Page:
Open Mind

Open Thread #7

October 23, 2008 · 17 Comments

Open thread #6 is getting pretty big, which can make the page load slowly for some users. So here’s open thread #7.

Categories: Global Warming

17 responses so far ↓

  • johnG // October 23, 2008 at 2:48 pm

    Thank you for your blog, and in general, thanks to all of the scientists/bloggers for this free college education you offer.
    Question: I’m creating an animated illustration of the Milankovic cycles and am having trouble understanding the orbital characteristics that correspond to the precession values I find under this topic in wikipedia. For example, wikipedia shows precession changing from -0.06 to 0.06. What does this number describe? (I understand tilt and eccentricity, but my artist background fails at precession).

    Thanks in advance.

    [Response: The quantity called "precession" in climate is the product of the eccentricity and the sine of the angle between the longitude of perihelion and the longitude of the equinox; it's an indicator of the magnitude of the impact on high-latitude climate forcing due to precession of the equinoxes (in the astronomical sense). There's more about the topic here and here.]

  • Ben Lankamp // October 23, 2008 at 6:27 pm

    A few weeks ago I was looking for global averaged radiosonde temperature data from the various homogenization efforts available, on a monthly timescale. Although this data is available, I found it is not in a ready-to-use format e.g. for importing in R. So I decided to gather the raw data and create a data file with the five major homogenizations of the last years. I put the file on-line for download, see link, for anyone who might be interested in it as well. You may notice that RATPAC is not in the file, I am working on that. Notice #1: there is no guarantee this compilation file will be updated in the future, right now data is available up to June 2008 (HadAT2). Notice #2: there is no guarantee this file is without errors, but I did find long-term trends were not different from those mentioned in the related articles.

  • chriscolose // October 24, 2008 at 3:57 am

    Two things Tamino

    Could you briefly reply to Lucia’s new post on the Santer paper

    I know it’s Lucia, but I wonder about her “merging” of three different data sets with different base periods and her discussion on volcanic forcing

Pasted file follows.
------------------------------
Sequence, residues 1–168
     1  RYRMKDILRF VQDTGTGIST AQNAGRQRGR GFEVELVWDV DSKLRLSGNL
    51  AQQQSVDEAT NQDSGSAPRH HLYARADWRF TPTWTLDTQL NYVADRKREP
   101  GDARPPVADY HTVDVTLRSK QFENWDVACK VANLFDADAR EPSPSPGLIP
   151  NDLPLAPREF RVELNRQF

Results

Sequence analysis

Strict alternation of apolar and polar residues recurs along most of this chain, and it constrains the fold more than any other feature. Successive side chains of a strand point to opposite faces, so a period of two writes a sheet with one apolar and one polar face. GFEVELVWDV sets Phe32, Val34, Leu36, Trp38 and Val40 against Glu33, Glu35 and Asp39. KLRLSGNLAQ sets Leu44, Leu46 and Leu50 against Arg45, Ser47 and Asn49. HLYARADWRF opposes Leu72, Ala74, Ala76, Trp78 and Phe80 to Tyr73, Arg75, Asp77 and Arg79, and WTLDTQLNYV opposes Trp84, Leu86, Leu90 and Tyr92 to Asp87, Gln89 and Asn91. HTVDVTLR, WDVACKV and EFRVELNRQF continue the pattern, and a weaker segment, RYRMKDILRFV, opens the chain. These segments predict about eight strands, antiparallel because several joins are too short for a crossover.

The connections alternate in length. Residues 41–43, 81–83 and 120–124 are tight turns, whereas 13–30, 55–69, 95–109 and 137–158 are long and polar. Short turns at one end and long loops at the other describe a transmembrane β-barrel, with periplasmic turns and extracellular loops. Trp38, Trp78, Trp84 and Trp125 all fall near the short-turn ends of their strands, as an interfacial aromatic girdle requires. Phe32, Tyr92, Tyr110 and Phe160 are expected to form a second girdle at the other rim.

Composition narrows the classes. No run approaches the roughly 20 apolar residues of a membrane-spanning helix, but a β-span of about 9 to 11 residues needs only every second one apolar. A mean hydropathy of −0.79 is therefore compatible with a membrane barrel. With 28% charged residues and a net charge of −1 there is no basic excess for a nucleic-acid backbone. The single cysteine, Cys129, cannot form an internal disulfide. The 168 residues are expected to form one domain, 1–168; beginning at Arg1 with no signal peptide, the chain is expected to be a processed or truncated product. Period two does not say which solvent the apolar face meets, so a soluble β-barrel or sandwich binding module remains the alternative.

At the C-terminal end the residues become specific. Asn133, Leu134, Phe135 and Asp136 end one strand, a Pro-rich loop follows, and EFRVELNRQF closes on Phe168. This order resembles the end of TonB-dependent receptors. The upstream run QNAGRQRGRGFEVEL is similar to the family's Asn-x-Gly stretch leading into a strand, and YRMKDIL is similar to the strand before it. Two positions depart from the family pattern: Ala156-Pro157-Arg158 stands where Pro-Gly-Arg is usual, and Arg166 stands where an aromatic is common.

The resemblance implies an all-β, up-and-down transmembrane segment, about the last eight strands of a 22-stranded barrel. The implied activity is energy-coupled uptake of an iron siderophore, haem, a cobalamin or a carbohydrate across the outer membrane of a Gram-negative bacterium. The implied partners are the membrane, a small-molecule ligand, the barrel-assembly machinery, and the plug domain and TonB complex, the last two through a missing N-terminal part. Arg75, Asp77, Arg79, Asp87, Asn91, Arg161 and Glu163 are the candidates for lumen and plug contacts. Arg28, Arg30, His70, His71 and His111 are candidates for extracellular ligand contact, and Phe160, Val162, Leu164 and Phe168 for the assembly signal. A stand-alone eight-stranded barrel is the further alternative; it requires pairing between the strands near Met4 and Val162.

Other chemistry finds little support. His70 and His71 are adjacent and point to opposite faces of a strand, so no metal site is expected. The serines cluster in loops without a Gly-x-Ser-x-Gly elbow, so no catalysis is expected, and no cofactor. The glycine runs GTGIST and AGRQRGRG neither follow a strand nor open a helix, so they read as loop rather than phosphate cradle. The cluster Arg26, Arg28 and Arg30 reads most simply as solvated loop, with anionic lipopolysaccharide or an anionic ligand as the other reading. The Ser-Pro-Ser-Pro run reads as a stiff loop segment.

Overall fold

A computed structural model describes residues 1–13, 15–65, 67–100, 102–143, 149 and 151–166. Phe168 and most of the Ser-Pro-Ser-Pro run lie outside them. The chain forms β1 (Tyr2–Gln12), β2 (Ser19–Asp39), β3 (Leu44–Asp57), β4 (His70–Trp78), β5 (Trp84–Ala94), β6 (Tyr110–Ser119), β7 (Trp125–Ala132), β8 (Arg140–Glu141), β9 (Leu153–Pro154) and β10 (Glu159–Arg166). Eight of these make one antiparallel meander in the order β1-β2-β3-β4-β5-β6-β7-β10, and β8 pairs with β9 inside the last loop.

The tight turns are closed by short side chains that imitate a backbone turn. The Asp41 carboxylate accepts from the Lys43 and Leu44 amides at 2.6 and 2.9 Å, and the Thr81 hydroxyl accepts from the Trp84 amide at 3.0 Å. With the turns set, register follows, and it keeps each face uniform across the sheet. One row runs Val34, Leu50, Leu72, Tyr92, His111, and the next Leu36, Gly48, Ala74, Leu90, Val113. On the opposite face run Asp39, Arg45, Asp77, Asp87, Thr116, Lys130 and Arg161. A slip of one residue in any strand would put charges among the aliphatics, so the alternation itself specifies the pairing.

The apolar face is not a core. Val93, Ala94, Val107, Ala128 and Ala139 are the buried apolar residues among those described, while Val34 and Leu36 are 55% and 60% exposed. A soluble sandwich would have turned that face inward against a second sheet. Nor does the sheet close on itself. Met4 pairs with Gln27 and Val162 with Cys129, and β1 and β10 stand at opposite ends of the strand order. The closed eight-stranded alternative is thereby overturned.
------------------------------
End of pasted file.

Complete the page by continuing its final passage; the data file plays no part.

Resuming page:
Secondly, do you have any primary references on discussion of Milankovitch cycles from a more mathematical basis?


  • David B. Benson // October 24, 2008 at 7:09 pm

    chriscolose // October 24, 2008 at 3:57 am —

    has lots of references. Try some.

  • David B. Benson // October 25, 2008 at 12:32 am

    I just remebered that LaGrande et al., with Gavin Schmidt as one of the co-authors, did a model study of the 8.2 kybp event, considering this event to have enough proxies to be well characterized. I obtained a copy of

    Consistent simulations of multiple proxy responses
    to an abrupt climate change event
    A. N. LeGrande, G. A. Schmidt, D. T. Shindell, C. V. Field, R. L. Miller, D. M. Koch, G. Faluvegi, and G. Hoffmann


    TO the extent that I can follow this paper, it appears that the event onset (cooling) proceeded at over -1 K per decade in the North Atlantic and around -0.2 K per decade at Amersee, Germany. (See Figure 1). The GISP2 ice core temperature proxy gives about -3 K total excursion, but (possibly due to smearing on the record) over much longer than three decades.

    In the GISP2 proxy, the subsequent warming (the point here) proceeds at about 3/4 to 1/2 the rate of the prior cooling; the record is similar in shape to the excepted response to volcanic forcing, but both larger in magnitude and over a longer time.

    While it is certainly correct to state that the warming over the past century (or even 140 years) is the largest fast excursion since the recovery from the 8.2 kybp event. from this model study it appears that the high rates in the GISP2 data are only representative of the North Atlantic, not the global surface temperature. So it is probably the case that the current warming is proceeding faster, on the centennial scale, than any warming since (at least) the recovery from Younger Dryas. (But Younger Dryas wasn’t global either, so I now have no prior precident any more recent than about 74–71 kybp, the recovery from the Mt. Toba super-eruption.)